Dame Muriel Spark was born 99 years ago today in Edinburgh, in the now modern area of Bruntsfield. Only beginning to write seriously after the Second World War, Spark was a woman of many talents, who turned her hand to successfully writing novels, short stories, poetry, and essays.
Her best known work, The Prime of Miss Jean Brodie was adapted into a film starring Maggie Smith. Several other of her novels have also been adapted to the stage including Girls of Slender Means, and she has been awarded several awards over the course of her career, including the James Tait Black Memorial Prize in 1965 for The Mandelbaum Gate, the David Cohen Prize in 1997, the Booker Prize in 1969 and 1981, and and the Golden PEN Award in 1998.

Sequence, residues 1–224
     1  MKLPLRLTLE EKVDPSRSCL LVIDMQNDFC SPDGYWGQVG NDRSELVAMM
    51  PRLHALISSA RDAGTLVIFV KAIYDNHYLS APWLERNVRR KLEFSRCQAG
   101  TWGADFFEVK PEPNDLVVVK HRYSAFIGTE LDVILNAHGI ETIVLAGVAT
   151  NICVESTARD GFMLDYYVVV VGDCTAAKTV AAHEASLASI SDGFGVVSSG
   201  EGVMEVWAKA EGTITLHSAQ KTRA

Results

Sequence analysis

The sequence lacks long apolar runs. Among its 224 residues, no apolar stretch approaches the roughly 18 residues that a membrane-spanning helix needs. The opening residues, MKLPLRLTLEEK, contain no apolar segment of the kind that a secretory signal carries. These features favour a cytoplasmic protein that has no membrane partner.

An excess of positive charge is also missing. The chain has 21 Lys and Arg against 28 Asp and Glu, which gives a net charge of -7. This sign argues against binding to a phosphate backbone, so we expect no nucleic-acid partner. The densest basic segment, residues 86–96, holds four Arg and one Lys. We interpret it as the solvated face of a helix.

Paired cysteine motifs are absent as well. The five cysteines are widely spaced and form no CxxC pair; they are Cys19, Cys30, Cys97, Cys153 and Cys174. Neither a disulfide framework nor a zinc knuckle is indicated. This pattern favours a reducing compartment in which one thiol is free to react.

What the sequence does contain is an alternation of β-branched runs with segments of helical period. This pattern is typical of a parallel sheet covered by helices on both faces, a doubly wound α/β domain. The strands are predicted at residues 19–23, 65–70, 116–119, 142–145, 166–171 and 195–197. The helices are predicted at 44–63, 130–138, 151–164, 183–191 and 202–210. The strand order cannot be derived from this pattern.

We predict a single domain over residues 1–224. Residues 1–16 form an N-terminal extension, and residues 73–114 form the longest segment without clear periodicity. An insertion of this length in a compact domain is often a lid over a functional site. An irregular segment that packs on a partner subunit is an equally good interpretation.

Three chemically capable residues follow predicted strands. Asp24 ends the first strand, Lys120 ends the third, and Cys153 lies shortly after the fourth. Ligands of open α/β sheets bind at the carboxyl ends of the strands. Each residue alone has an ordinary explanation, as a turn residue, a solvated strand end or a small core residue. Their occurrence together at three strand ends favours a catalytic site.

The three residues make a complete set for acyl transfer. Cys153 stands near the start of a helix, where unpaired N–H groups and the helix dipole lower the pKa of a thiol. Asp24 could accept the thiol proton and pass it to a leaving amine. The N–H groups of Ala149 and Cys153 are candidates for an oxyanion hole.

To celebrate Spark’s birthday, why not take a jaunt around Edinburgh to spot the many references to her throughout the city? Walk through the the Canongate, the Grassmarket, and the Lawnmarket, just as Miss Brodie and her pupils did in The Prime of Miss Jean Brodie, visit the National Library of Scotland, home to the unique Muriel Spark Archive, or even walk past James Gillespie’s School for Girls, where Spark studied as a child. In the Makars’ Court at the Lawnmarket, right beside the Writers’ Museum, there is a flagstone commemorating her life and work.